Is there anything in the world that's harder than this? Yeah, there probably is... but nothing I can think of right now!
It's 7 pm. You've been up since 6 am. You've had to wake the kids and get them to school, you've had to take care of the baby all day. You've changed nappies. You've done the dishes. You've cooked the food. You've cajoled the kids into eating. You've done 100 things already, and you've still got 200 to do.
Now though, it's bedtime. You're tired and the kids aren't listening. One won't brush his teeth, the other won't put on her pyjamas. You don't want to go nuclear on them, but you feel it's coming... if only you had a trick to get them to do what you wanted.
Well, that's what this post is all about. I've got kids myself (obviously) and I also asked a whole bunch of folks on twitter! Here are our very best tricks.
1. The main carrots in my house, are actually candies. This is so obvious that every reader will know this. Still though, I thought I can't write this post without mentioning this. Now, you can't use this trick very often, otherwise all their teeth will fall out! However, I do occasionally say “play ball, and you'll get a little candy/choccy/gum”. It works. Especially for something like getting dressed. Though admittedly, giving them a candy after they brush their teeth seems a little pointless.
2. What is probably a better strategy, if you're organised, is to play a long game. It goes something like this “OK kids, it's Saturday in two days. We might go to that giant park you love so much on Saturday... but ONLY if you behave yourselves till then”. With every incident you then say, “Remember the park? Do you still want to go...?”. They'll almost certainly put on their pyjamas with less of a fight.
3. We have a calendar. It's a Sandra Boynton calendar (http://www.sandraboynton.com/sboynton/boyntoncalandars.html). We've been using it for 5 years now. For each day, you write the main thing in someone's schedule. So we write the doctor's appointments and playdates etc. If the kids misbehave, we threaten to write an X in the calendar. Get two Xs in one day, and no dessert for you on that day (or the next if you've already had dessert).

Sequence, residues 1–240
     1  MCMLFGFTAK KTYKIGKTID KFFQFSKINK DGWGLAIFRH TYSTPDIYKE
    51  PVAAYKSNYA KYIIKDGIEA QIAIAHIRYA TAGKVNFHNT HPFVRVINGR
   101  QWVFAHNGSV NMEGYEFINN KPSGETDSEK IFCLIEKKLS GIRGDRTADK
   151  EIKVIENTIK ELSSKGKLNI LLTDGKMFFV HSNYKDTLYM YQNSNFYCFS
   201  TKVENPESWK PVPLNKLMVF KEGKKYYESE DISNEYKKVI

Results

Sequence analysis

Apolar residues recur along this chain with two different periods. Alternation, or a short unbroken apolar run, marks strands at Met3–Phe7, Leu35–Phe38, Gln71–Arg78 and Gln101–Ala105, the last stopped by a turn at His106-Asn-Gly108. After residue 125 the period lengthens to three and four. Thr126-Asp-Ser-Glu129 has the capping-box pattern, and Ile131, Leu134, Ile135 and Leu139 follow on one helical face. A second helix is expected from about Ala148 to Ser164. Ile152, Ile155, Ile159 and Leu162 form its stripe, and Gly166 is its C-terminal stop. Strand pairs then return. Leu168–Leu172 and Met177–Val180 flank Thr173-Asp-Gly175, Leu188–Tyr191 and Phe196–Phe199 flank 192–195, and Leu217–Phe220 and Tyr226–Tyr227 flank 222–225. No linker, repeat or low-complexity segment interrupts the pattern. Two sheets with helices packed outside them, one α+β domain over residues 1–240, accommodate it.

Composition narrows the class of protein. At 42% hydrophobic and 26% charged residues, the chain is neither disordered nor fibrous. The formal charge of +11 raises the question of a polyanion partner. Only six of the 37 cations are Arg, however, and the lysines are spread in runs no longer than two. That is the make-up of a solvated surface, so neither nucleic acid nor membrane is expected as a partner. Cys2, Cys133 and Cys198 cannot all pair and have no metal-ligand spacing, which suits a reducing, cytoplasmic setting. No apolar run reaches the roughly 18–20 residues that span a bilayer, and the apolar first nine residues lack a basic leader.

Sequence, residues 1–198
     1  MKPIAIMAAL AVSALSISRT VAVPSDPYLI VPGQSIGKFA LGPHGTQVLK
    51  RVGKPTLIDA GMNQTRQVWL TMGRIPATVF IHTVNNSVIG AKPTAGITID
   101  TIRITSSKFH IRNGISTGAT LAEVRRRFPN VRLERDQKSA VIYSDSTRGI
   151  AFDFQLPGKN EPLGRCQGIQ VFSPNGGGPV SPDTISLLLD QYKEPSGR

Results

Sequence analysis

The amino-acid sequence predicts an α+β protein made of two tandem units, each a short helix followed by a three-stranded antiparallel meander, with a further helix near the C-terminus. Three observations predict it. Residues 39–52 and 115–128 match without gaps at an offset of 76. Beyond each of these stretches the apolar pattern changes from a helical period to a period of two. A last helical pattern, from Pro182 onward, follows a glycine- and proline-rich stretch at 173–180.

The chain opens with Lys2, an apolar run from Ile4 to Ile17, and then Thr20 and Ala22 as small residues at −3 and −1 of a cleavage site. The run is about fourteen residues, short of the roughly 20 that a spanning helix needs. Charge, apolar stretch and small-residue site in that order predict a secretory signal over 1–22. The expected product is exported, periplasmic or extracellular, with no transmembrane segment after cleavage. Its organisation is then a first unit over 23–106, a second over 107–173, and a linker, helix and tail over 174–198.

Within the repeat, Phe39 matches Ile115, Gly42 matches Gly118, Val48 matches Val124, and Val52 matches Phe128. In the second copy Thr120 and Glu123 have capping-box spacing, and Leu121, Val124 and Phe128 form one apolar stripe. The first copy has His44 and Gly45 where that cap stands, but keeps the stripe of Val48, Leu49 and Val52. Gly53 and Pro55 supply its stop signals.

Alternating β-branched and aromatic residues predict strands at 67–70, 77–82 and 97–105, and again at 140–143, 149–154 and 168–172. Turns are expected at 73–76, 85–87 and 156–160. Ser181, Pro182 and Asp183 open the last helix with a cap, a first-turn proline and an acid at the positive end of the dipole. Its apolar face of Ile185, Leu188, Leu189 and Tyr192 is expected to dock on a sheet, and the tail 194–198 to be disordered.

I know it doesn't make that much sense, but it works a treat (pun intended!). Now, nothing works absolutely every time, but this produces some kind of positive result, at least 70% of the time.
4. My final trick makes even less sense than the calendar trick, but here goes. I threaten to call their teachers at school. This one is more effective than the one above. I try to use it scarcely, because well, I don't want to mess up their school (in their head obviously, because I'd never actually call the school!). Also, because I want to have something to use in an emergency. I think I use it about once a week! Lots of “emergencies” at my house...
In truth, the more you use anything, the less effective it becomes. So I try to use the “sticks” as little as possible.
I want to mention here, that there must be general dialogue with the kids. I know it can sound funny, to talk about “dialogue” with 5-year-olds, but I believe that there must be a habit of explaining from the parents' side, so that, over time, the child understands, at the very least, that you, the parent are trying to communicate with him or her. Many of my twitter tribe agree with me on this too, notably @MotherHaggard, @Sasparks47, @npklip and @FamilyTeamCoach
The other thing I wanted to mention is that they must get rewarded for their own good behaviour too (i.e. something you didn't ask for). My mates @janicebrown39, @RobinsoMartina, @FamilyTeamCoach and @AbsentAznMom agree with this.
And thirdly, if you make a threat, and don't follow through with it, its effectiveness diminishes (@FamilyTeamCoach and @One_Dads_View). That's the reason I don't make the “gonna call your teacher” threat very often. However, we have had to stop their dessert, and not take them to the park too, despite it being greatly inconvenient to us too.